Alan Dockterman served as a Peace Corps Volunteer in northeast Brazil from 1968 to 1970. He discusses his opposition to the Vietnam War as a primary motivation for joining the Peace Corps. He also talks about attrition during his group training in Milwaukee, Wisconsin, and Brazil. As a lawyer and an accountant, Dockterman was first placed with Fecompipe, a federation of mixed cooperatives in Vicencia in the state of Pernambuco. (The U.S. invested heavily in co-ops as a counter-communist measure during this time.) He discusses his frustration with feeling isolated in this small city and the lack of impact he had during this assignment. He talks about his much more positive social and professional experience working with a legal aid program in the city of Fortaleza in Seara state during the second year. Dockterman also reflects on the positive impact Peace Corps service had on his personal and professional life and the many returned volunteers who have gone on to work in USAID, the State Department, and other international organizations.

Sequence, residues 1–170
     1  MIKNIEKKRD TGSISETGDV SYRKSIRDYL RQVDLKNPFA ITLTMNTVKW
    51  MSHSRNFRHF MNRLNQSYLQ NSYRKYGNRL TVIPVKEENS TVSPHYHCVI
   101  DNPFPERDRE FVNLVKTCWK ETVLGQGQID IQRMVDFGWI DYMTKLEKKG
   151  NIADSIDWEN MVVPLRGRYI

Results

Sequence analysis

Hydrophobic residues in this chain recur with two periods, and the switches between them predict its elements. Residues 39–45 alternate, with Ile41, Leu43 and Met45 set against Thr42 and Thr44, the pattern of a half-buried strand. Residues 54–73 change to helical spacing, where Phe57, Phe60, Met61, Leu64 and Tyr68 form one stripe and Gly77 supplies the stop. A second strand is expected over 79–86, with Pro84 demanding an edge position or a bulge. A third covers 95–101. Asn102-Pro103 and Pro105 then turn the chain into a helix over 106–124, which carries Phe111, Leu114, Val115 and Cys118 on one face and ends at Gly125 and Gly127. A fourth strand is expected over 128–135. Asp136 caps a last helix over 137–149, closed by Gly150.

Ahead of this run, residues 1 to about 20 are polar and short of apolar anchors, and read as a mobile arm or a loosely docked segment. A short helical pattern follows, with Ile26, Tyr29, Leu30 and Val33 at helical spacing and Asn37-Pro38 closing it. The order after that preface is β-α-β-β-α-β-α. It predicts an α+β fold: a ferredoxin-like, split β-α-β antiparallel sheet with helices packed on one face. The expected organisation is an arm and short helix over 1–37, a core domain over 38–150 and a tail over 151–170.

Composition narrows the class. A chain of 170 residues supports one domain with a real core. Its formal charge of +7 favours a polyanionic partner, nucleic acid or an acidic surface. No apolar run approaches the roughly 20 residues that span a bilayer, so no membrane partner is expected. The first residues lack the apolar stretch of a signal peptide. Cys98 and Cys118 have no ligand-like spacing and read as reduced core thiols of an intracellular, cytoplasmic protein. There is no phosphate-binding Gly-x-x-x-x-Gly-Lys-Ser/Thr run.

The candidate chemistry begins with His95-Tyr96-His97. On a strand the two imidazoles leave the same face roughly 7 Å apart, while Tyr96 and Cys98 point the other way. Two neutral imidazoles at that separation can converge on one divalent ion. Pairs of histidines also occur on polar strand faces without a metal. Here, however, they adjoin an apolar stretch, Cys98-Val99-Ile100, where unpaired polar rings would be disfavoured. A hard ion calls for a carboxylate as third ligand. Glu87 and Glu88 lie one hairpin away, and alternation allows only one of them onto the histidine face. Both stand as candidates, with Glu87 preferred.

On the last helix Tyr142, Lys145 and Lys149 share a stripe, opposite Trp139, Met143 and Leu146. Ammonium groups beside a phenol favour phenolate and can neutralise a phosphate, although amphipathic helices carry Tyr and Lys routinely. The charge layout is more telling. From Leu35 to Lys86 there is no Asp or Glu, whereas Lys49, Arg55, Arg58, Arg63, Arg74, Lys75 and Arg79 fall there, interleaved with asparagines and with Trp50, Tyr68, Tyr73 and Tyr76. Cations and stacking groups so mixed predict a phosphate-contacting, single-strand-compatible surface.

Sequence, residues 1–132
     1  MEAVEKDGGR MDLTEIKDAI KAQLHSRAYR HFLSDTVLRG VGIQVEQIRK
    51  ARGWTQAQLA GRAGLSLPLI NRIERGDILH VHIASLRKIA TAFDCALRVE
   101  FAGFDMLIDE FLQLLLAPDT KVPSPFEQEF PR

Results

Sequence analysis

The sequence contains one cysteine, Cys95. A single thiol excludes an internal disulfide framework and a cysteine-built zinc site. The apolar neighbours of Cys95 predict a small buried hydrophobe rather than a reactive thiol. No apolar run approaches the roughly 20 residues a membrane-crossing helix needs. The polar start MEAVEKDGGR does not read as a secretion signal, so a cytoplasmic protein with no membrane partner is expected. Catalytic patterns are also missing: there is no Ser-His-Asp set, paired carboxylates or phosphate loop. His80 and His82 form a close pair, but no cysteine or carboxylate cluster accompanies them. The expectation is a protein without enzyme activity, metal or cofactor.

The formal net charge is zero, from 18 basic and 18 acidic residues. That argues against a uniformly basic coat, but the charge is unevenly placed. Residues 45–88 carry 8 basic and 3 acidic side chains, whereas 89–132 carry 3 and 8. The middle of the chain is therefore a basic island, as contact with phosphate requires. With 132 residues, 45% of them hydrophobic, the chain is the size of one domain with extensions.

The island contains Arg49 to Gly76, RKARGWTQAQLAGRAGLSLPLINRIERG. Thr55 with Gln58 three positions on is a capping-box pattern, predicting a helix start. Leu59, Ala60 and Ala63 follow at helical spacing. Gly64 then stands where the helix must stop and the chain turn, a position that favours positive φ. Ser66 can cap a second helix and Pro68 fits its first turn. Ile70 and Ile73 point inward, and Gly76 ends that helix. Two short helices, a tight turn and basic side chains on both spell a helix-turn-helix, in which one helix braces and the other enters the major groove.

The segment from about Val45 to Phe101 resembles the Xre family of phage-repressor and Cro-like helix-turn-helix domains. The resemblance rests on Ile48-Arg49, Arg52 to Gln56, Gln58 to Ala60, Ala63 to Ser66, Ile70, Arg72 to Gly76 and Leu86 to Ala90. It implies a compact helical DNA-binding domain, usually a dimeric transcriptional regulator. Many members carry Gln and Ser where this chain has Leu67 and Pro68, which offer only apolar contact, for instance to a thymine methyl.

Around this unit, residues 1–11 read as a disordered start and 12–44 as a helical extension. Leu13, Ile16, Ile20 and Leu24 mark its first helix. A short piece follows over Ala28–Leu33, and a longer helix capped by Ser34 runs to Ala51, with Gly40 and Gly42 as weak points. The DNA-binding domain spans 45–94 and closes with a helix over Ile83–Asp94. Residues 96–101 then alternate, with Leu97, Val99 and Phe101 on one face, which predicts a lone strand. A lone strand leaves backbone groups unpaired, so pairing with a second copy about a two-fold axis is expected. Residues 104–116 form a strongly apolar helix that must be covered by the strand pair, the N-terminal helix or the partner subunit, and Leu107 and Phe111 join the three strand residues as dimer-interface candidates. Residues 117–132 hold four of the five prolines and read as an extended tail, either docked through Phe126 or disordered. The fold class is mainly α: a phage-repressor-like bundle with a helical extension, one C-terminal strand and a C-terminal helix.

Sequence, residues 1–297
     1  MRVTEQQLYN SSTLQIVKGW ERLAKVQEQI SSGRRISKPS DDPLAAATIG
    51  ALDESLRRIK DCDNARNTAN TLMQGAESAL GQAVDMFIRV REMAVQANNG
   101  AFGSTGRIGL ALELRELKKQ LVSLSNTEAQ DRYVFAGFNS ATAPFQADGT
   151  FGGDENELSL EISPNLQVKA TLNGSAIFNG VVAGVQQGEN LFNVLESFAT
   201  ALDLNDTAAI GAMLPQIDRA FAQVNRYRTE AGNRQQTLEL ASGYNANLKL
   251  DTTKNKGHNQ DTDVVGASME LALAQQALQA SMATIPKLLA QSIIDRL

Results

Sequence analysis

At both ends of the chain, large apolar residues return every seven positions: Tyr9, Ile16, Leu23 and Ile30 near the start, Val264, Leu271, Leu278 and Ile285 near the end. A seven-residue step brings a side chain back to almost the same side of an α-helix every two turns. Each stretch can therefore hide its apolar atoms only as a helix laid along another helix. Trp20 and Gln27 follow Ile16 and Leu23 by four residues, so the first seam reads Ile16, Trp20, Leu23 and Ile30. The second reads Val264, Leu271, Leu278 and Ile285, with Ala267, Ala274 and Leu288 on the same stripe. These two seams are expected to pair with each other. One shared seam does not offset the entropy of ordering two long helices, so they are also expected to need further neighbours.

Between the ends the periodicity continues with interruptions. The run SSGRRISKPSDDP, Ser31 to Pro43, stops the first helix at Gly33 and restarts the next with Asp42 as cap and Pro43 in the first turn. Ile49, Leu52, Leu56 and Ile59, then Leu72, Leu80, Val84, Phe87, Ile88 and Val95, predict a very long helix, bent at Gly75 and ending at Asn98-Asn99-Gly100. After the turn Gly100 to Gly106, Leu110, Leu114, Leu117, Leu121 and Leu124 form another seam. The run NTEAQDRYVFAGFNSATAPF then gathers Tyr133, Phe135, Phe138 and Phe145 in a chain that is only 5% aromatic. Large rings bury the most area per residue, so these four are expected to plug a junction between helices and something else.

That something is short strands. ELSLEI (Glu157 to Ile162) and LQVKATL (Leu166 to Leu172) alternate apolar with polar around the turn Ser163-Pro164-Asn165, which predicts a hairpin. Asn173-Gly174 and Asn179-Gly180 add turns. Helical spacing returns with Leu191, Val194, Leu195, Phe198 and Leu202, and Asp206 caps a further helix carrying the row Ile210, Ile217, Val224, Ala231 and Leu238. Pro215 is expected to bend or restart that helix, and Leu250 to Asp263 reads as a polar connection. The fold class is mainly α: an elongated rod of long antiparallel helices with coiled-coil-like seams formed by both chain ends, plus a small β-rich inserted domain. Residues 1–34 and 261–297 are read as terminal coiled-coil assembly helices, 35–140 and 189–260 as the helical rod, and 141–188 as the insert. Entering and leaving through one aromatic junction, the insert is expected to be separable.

Interviewed and recorded by Evelyn Ganzglass, August 13, 2018, as part of the JFK Library’s Oral History Project.